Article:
On October 26, 2016, the Office of the Comptroller of the Currency (OCC) announced it would establish a framework for “responsible innovation.” The agency said it would establish an Office of Innovation to implement a framework to improve its ability to identify, understand, and respond to financial innovation affecting the federal banking system. The full recommendations are available here.

The move follows moves by international regulators, such as those in the UK, Singapore, Hong Kong and Australia to provide some kind of framework, or even a “safe space” for financial technology firms and banks implementing new technologies to test innovative products and services, such as distributed ledger technology (blockchain), digital currencies, streamlined payment transfers or marketplace lending.

The OCC supports responsible innovation that enhances the safety and soundness of the federal banking system, treats customers fairly, and promotes financial inclusion.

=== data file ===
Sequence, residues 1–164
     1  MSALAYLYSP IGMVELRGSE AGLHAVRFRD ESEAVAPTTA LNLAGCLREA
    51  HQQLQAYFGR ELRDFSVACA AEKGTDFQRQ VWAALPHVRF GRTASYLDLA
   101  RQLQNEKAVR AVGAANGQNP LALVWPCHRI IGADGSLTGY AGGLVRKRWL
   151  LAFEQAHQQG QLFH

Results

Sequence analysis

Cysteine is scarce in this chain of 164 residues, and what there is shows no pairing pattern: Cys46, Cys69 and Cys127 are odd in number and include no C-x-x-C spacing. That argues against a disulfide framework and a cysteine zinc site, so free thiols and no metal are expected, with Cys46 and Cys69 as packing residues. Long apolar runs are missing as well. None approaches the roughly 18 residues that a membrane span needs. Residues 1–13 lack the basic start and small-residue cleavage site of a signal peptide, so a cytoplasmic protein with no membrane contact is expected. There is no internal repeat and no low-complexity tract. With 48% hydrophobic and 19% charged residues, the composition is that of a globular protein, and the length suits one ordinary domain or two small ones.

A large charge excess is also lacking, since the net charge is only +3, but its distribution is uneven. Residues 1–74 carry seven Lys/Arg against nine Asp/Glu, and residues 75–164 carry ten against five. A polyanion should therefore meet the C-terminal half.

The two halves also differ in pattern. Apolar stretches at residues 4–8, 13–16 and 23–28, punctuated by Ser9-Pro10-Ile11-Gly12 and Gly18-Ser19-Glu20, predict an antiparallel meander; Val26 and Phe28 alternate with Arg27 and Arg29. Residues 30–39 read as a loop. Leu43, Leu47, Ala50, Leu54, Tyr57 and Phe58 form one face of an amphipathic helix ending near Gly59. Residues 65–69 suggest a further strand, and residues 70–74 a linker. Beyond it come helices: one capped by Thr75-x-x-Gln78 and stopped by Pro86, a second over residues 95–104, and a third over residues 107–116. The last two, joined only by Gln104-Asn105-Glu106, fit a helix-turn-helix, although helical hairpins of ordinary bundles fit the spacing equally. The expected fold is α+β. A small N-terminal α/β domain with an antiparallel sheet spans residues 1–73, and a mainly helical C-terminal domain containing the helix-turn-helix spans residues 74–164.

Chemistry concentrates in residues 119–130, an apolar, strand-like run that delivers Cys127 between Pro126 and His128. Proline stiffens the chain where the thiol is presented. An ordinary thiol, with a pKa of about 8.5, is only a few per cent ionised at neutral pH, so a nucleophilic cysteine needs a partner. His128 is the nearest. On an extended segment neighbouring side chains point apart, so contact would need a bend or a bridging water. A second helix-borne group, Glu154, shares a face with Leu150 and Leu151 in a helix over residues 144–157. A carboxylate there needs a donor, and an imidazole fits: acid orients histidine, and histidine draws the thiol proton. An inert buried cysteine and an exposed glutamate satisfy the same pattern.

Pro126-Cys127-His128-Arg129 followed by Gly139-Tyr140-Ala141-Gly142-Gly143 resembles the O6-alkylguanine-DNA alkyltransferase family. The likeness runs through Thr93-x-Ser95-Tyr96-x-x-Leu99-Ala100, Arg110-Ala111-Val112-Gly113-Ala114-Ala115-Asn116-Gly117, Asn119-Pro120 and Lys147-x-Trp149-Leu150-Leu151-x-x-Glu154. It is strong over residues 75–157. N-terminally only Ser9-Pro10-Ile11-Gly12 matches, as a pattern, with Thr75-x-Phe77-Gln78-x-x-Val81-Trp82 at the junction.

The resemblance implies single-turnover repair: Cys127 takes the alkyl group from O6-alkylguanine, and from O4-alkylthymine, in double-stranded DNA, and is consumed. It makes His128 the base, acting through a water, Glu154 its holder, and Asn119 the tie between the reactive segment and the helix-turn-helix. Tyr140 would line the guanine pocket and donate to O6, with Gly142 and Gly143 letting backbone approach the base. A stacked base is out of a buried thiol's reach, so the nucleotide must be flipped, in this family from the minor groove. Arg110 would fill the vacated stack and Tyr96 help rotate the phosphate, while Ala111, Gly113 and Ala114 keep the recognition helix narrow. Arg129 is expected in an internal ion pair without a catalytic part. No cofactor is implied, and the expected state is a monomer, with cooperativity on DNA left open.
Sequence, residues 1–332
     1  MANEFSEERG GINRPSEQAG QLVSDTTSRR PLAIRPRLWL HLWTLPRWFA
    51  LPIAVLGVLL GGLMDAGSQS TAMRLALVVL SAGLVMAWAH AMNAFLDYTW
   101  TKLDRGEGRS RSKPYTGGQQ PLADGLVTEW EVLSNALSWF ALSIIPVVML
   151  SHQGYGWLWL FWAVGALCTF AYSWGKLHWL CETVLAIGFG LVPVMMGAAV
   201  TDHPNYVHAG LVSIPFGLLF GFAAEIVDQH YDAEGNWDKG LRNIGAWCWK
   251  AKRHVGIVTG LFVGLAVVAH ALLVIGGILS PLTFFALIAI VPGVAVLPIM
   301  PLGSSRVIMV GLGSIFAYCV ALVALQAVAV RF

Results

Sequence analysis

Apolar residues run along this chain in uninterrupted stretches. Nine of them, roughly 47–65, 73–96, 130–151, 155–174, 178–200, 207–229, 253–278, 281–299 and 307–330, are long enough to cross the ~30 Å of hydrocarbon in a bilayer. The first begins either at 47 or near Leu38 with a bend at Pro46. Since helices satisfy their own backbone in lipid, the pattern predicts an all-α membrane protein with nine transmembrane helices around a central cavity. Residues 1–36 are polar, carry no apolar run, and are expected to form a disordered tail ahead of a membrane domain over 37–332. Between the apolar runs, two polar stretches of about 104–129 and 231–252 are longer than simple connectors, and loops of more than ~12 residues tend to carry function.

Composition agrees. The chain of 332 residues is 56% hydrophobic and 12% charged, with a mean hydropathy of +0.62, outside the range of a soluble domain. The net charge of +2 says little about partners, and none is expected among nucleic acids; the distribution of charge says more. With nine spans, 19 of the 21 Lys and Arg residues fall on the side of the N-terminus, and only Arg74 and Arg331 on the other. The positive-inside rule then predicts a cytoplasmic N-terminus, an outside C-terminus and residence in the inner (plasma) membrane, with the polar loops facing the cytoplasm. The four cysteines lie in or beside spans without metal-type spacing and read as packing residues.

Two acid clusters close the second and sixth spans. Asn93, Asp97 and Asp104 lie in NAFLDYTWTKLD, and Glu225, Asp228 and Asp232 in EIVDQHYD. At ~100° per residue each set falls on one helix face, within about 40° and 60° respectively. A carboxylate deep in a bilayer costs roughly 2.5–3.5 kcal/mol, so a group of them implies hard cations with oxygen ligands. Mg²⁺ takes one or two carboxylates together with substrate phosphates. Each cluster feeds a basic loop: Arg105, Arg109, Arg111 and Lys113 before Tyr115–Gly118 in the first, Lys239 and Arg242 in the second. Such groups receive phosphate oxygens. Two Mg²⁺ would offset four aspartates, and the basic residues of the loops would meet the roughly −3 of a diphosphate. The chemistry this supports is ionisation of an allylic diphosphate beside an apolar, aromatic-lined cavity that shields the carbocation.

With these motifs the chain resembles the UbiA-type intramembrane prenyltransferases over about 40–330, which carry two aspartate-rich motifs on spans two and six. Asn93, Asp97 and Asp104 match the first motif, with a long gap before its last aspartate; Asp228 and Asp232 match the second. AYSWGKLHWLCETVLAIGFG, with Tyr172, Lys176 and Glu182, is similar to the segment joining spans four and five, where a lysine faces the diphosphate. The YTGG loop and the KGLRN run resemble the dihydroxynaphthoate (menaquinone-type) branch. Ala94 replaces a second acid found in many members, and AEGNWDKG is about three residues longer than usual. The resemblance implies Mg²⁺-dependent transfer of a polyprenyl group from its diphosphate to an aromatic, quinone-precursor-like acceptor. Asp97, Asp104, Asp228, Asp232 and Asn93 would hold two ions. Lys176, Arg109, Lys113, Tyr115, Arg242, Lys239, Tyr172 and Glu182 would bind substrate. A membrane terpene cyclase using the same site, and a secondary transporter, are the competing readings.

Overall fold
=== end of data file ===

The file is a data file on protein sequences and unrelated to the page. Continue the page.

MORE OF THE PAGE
– Comptroller of the Currency Thomas J. Curry.

The Office of Innovation would have staff located in Washington D.C., New York and San Francisco. Although the framework does not provide a full-blown “safe space” or “regulatory sandbox” that would provide a safe harbor from consumer protection requirements, it does contemplate a voluntary pilot program that would facilitate adoption of new solutions and the enhancement of risk management by permitting testing and discovery with agency involvement before a full-scale commitment and rollout of technologies. In addition, the framework’s objectives include:

  • establishing an outreach and technical assistance program for banks and nonbanks,
  • conducting awareness and training activities for OCC staff,
  • encouraging coordination and facilitation,
  • establishing an innovation research function, and
  • promoting interagency collaboration.

The OCC expects the new office to begin operations in first quarter 2017. The OCC refrained from making a decision on whether to provide special purpose national bank charters for non-bank financial technology companies, a prospect which it continues to evaluate. The agency plans to publish a paper later in 2016 seeking comment on possible limited-purpose charters targeted toward non-bank fintech firms.